Many first-time visitors to Miami Beach are surprised to discover that the place is not an eponymous strip of golden strand, but a completely separate island. Tall and narrow, it lies off the coast of the South Florida mainland facing hard onto the Atlantic Ocean and leaving in its wake the calm waters of Biscayne Bay. Except for its northernmost tip, the island is blanketed by the neighbourhoods of North Beach, Middle Beach and South Beach which together make up the City of Miami Beach.
After clearing the land of mangrove swamp, the first bridge connecting Miami Beach to the mainland was completed in 1913. Two years later, the construction of Brown's Hotel near the southern tip ushered in a decade of prosperous tourism bolstered by wealthy industrialists from the north and Midwest who erected their gracious winter homes along its bucolic shoreline. But the great hurricane of September 1926, which wiped out virtually every standing structure, put paid to this flourishing boom.
Undaunted, Miami Beach soon reaffirmed its radiant reputation as a new influx of post-Depression investors began constructing mostly small-scale stucco hotels and rooming houses for seasonal rental. The US’s entry into WWII saw this newfound “Tropical Art Deco” district commandeered by the US Armed Forces and adapted to its need for both barracks and littoral training grounds.
Once peace was declared, the buildings of South Beach were returned to civilian use and, over the next ten years, Jewish retirees from the north began flocking to the area, augmented in 1959 by middle-class Cubans fleeing the Marxist revolution back home. All too soon though, the opulent hotels and apartment blocks being constructed in Middle Beach, as well as the establishment of resorts such as Fort Lauderdale and Palm Beach further up the mainland coast, began sapping the upwardly mobile visitors and wealthier inhabitants, relegating South Beach to the island’s poorer denizens who were witness to its rapid deterioration. Crime arrived in force in 1980 as President Carter’s open-arms policy towards refugees from Cuba was manipulated by Castro – who used the opportunity to empty his jails and mental asylums – the detritus of the Mariel boatlift washing up in the island’s southernmost district.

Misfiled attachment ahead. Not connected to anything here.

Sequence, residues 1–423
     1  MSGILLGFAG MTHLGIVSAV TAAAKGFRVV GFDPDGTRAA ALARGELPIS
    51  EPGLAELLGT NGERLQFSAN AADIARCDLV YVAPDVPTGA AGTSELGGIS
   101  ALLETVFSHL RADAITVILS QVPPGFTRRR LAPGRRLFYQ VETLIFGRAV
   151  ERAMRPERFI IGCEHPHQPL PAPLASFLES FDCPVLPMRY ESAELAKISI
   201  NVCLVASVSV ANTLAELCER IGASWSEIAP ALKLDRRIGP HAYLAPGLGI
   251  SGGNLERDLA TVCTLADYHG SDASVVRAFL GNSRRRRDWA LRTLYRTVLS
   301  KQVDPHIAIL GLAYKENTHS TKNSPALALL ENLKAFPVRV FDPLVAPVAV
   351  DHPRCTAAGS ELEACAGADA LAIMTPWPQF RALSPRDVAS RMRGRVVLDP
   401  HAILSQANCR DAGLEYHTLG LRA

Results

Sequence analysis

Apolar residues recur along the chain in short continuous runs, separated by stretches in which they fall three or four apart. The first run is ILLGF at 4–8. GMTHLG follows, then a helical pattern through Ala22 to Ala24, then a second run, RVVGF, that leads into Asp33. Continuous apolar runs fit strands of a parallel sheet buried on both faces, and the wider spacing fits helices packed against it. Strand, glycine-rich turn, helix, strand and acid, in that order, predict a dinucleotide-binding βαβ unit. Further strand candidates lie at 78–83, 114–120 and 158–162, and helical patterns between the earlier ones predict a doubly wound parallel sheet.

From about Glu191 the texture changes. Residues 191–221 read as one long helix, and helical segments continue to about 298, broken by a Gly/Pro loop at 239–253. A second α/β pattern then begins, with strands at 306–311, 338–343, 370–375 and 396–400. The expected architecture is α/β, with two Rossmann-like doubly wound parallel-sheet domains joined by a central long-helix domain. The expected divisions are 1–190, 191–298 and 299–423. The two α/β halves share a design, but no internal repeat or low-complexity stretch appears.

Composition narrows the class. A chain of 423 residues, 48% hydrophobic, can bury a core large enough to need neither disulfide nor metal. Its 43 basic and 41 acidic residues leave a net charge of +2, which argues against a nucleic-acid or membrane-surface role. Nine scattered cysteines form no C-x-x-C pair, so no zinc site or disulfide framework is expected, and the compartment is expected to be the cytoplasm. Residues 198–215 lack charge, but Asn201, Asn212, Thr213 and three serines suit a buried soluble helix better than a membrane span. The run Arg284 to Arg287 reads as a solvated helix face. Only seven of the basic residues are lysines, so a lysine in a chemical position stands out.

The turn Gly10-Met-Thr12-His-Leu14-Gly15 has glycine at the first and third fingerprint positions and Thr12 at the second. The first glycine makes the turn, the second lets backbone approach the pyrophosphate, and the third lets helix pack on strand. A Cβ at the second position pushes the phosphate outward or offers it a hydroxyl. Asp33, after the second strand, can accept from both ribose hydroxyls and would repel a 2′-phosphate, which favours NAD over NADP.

This was the South Beach to which my two business partners and I travelled six years later, intent on cobbling together a quick and inexpensive editorial for Select Magazine. Yet this dusty and derelict resort, we perspicaciously grasped, was about to undergo its fourth revival in under seventy-five years – fuelled by the very industry in which we toiled.
The production of fashion catalogue shoots and advertising campaigns invariably requires certain intractable elements in order to be deemed financially viable, the most vital being good light, a plethora of location opportunities and cheap digs to accommodate the large teams. South Beach supplied all three in spades. The world of commercial photography had already become an irrefutable beacon for the smart-set in decreeing where the next global playground would be and, in 1986, it pointed its finger unwaveringly at South Beach. (As it had at Andalucía a decade earlier and would again, at the Cape of Good Hope, in the late-‘90s.)
A DECADE OF THE
by Johno du Plessis